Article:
You may leave it untouched and it will ‘play itself’. Or you may click and flick on the image displayed to alter it manually. If it takes too long to load, or if you want a new picture, refresh the page.
After Wirewalk, I felt inspired to do more work using images acquired through web searches. Yes, I failed to mention it when I released that one, but the images are obtained at run-time through Google Images. I’m rather proud of this particular result:
It was made for The Games Collective negative capability pageant. For sound, I used the port of DrPetter’s sfxr to AS3, by Thomas Vian. Also used the Google API AS3 library by Joris Timmerman, as for Wirewalk.
I’ve made a thing for an event that Stephen Lavelle describes as a ‘pageant’ —a competition sans the competitive aspect—, with the theme ‘bricolage’. (I made a promotional picture for the event, too.)
The thing I made is called Wirewalk. It’s something that, I feel, is best not to describe. Just try it and see if you like it—shouldn’t take you over a couple of minutes.
I couldn’t pass up the opportunity to participate in this weekend’s Ludum Dare, as it had been too long since I last made (and released) a game. This time I didn’t make a fancy timelapse video or anything like, but I did spend some time on Friday learning to use the beautiful Flixel, and then the weekend bending it to my nonstandard needs. The result is a game, unlike last time, though not exactly what I set out to do. Still, it’s playable. And it fits the ‘exploration’ theme.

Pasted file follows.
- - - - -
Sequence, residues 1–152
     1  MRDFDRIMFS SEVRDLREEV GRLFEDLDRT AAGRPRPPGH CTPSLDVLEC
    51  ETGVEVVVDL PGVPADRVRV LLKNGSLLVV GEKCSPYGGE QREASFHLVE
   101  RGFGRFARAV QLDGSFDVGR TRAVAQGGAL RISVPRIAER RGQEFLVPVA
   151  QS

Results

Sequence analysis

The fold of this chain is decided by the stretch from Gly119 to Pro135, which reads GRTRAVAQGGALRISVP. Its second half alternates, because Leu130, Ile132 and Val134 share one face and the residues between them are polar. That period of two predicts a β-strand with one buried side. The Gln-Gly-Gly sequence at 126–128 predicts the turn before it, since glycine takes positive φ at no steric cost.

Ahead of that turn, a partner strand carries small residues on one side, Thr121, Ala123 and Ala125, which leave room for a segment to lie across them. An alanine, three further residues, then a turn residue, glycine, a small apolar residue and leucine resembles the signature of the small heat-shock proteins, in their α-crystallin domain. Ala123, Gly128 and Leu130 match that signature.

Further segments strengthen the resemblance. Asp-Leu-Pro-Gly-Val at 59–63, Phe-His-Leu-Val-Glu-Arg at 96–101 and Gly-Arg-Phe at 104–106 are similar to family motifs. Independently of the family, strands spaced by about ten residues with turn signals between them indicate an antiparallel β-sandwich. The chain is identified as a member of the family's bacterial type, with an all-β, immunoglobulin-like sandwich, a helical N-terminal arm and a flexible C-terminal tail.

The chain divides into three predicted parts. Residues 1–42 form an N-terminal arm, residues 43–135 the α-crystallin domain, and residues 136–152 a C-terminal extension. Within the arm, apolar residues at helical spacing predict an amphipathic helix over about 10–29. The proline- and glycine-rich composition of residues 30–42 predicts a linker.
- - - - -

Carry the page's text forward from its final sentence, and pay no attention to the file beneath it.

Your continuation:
I made this animated GIF over a year ago, thinking of an idea for a game I envisioned for the Game Boy Advance. This game was to be a bichrome, Knytt–inspired platformer. I decided to reuse the core of this idea: that is, the running on walls and ceilings, and a tad more. It was simplified to the essence, though: the little guy won’t stop running, so all you can do is jump in order to steer him where you want to go. It feels a bit like controlling a jumping, sticky train.
Play Climbrunner (Flash)
This time around I didn’t neglect to provide the source code.